Hail to the Jeep
By A. Wade Wells - 1946
It was during this period of experimentation prior to the
press demonstration of the peacetime Jeep that the author visited Doughoregan
Manor farm in Maryland, one of the experimental stations selected by Willys
engineers for the practical daily testing of the Jeep under trained supervisors.
Arrangements for this visit were made with Wilford LaRock of Cornell University, who was supervising the operation of jeeps for farm use under the direction of the Grange League Federation Cooperative Association of Mansfield, Pa.
Priority Regulation No. 23, restricting public demonstrations
of new vehicles, had just been withdrawn, making it possible to observe the Jeep
at work in the fields which were being plowed and harrowed for the planting and
cultivation of corn.
Attached to the Jeep was a 3-section, heavy-duty,
spring-tooth harrow which would have required the use of three heavy draft
horses. Behind the springtooth harrow was a spike-tooth harrow of similar size
which would have required two heavy draft horses. Operating in low gear at a
speed of four miles per hour, ten hours a day, the Jeep was doing the work of
five horses on this job. Farmers call this type of work a "horse-killer" owing
to the soft surface and heavy drag. Although the Jeep had been in continuous
low-gear operation for four and a half hours, an examination of the radiator
revealed that it was not boiling or overheated. In fact, the water was at the
level of the top cap of the radiator. A governor on the motor, acting as a
regulator, overcame sudden changes in the power required.
In the same field, doing the same job, was a heavy farm
tractor. The results were the same, the only difference being in the amount of
fuel used and the operation cost, the ratio between tractor and jeep being about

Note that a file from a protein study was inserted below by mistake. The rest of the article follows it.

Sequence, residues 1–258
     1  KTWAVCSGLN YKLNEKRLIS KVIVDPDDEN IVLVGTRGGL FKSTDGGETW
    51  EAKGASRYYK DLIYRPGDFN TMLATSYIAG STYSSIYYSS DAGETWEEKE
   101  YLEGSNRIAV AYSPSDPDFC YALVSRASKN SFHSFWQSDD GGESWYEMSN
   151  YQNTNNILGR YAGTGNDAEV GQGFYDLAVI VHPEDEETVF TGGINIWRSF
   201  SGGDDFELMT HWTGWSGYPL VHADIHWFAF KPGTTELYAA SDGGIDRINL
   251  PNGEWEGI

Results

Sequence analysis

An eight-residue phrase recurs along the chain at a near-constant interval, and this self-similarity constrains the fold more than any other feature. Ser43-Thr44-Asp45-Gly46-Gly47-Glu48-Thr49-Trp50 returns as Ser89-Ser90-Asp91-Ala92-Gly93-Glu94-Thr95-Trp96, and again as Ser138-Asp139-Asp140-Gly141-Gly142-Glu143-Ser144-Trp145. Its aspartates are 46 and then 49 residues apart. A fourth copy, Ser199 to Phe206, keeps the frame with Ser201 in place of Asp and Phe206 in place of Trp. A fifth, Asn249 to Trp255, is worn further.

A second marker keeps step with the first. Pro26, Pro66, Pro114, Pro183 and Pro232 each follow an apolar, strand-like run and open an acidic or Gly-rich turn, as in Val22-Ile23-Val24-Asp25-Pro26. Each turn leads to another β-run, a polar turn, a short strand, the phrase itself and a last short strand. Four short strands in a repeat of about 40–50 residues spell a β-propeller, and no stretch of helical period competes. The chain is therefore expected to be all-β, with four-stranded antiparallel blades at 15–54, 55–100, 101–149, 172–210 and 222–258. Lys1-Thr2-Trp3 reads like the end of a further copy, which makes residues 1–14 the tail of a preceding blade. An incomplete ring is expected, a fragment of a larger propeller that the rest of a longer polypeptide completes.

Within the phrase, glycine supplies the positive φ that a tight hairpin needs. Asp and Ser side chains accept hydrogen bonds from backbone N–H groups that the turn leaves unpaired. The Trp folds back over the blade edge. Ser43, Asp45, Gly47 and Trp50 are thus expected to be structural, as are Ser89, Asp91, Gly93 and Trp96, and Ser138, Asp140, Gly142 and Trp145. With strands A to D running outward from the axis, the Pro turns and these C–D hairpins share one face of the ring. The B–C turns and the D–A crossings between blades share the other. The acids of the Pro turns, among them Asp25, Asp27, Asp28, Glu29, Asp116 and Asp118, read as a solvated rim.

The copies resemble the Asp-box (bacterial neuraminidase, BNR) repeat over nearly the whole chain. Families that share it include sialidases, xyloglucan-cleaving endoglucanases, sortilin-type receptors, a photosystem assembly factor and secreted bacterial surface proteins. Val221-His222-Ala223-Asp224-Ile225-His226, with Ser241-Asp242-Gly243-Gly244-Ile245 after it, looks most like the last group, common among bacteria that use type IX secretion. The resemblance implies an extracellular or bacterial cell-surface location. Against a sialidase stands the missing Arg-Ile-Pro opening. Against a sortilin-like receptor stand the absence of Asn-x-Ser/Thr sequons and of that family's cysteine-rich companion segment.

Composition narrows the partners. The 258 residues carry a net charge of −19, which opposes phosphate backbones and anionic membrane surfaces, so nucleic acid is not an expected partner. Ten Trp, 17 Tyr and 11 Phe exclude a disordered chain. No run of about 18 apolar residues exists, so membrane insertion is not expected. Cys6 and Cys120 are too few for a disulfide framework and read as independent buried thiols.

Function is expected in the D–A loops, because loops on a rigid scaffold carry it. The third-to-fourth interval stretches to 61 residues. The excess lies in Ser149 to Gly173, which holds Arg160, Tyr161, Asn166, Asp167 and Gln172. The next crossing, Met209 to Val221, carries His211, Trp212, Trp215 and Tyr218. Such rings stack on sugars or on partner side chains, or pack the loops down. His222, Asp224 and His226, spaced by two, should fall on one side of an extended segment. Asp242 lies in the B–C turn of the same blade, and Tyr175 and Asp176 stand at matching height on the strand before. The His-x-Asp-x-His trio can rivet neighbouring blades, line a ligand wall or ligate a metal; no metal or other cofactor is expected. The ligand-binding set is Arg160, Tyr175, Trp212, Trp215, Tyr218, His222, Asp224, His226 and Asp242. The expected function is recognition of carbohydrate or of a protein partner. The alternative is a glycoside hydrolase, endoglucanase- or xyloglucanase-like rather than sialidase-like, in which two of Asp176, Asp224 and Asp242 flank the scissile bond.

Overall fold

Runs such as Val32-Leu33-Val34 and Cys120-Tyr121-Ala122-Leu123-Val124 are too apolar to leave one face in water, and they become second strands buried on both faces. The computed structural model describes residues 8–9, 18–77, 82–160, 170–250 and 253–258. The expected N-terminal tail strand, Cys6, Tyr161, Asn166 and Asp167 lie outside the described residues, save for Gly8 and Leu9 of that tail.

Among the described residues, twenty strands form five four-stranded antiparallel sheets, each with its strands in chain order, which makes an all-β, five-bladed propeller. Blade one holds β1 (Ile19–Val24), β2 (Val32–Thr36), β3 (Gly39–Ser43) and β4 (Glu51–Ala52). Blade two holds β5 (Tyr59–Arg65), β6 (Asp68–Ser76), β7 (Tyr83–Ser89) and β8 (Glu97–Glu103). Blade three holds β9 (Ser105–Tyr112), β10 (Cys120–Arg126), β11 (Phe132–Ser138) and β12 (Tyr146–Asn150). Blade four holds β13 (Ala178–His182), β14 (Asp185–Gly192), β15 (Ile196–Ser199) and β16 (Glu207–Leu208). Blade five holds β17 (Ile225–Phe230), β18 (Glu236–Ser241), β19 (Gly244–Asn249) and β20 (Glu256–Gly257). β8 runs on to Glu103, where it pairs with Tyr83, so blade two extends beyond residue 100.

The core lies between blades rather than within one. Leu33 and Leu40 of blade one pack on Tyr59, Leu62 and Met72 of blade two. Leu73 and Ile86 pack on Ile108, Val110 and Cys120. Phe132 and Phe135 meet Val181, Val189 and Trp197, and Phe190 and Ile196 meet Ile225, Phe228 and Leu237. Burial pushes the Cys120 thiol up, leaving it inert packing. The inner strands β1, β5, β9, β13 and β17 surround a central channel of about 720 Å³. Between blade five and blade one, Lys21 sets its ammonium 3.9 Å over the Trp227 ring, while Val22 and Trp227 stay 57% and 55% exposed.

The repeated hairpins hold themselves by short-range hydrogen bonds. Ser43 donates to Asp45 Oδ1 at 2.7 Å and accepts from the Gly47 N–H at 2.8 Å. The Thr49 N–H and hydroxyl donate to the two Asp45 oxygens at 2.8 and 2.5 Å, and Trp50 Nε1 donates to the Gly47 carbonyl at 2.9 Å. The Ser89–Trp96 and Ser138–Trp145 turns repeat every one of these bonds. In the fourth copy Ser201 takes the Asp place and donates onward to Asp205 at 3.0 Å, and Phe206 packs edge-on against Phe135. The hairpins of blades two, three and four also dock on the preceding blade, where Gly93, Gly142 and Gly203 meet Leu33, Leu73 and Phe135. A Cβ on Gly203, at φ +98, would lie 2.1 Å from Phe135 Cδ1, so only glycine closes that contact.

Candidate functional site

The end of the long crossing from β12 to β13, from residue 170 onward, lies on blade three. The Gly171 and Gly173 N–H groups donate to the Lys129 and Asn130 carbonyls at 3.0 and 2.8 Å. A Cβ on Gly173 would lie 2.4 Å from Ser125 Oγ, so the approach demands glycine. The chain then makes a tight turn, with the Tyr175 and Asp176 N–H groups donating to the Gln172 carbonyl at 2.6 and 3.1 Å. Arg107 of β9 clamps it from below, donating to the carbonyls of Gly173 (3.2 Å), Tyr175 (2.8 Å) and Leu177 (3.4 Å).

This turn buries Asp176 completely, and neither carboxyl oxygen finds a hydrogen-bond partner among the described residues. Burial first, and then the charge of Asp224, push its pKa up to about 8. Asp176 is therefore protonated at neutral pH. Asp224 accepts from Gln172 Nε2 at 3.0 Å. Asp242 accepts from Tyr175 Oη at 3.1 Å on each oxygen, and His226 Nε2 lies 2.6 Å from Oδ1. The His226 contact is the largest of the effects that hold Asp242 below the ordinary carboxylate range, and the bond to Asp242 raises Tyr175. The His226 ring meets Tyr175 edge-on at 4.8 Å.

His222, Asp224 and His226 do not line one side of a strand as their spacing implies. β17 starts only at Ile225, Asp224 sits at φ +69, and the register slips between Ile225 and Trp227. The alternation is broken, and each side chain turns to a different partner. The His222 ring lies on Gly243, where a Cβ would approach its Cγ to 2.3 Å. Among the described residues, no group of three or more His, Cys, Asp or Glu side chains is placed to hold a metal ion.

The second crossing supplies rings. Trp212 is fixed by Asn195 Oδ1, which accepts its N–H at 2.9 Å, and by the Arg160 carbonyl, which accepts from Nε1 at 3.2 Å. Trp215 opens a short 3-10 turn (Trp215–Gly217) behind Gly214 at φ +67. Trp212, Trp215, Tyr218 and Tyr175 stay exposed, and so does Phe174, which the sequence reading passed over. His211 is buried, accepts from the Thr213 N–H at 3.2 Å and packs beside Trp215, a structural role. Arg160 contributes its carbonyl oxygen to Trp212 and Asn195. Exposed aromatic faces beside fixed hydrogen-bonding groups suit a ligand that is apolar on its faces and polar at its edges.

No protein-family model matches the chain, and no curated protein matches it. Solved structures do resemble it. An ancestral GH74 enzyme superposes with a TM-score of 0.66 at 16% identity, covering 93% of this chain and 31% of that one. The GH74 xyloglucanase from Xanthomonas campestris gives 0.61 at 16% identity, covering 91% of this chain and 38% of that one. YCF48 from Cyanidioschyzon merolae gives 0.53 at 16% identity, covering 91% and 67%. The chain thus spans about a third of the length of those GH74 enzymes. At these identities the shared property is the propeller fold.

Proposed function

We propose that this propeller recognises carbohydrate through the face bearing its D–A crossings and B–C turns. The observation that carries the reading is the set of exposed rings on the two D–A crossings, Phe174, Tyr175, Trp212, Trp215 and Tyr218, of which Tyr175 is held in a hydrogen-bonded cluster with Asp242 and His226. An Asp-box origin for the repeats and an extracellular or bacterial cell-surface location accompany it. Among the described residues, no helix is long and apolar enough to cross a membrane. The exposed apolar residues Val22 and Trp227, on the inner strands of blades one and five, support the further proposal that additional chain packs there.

as the cost of feeding a large draft horse is to that of feeding a small pony.
This performance of the Jeep on plowed land, harrowing alongside a heavy-duty tractor, more than successfully met one of the toughest farm requirements. Seeing was believing; Jeep possibilities on the farm had become realities!
Concerning the power of the jeep motor, it was reported that
there was "plenty of power"-that the power limit had never been established in
field work on the farm, as the motor had never choked or stopped while in
operation. The Jeep might stop because of loss of ground traction in an
exceptionally slippery place, but the wheels kept on rotating and the motor
would not stop.
The manager of the farm, William R. Powell, stated that for
all kinds of belt work the jeep was better than anything he had ever used-even
better than the large tractors. There was always sufficient power, more than was
actually needed. The ability of the motor to idle down and work at lower speeds
than other motors gave the jeep a considerable advantage over tractors. This was
most useful in the operation of slow-motion farm machinery, such as water pumps.
On the Doughoregan Farm, there had been no breakage or grief
of any kind, nor had the replacement of any parts of the Jeep been required.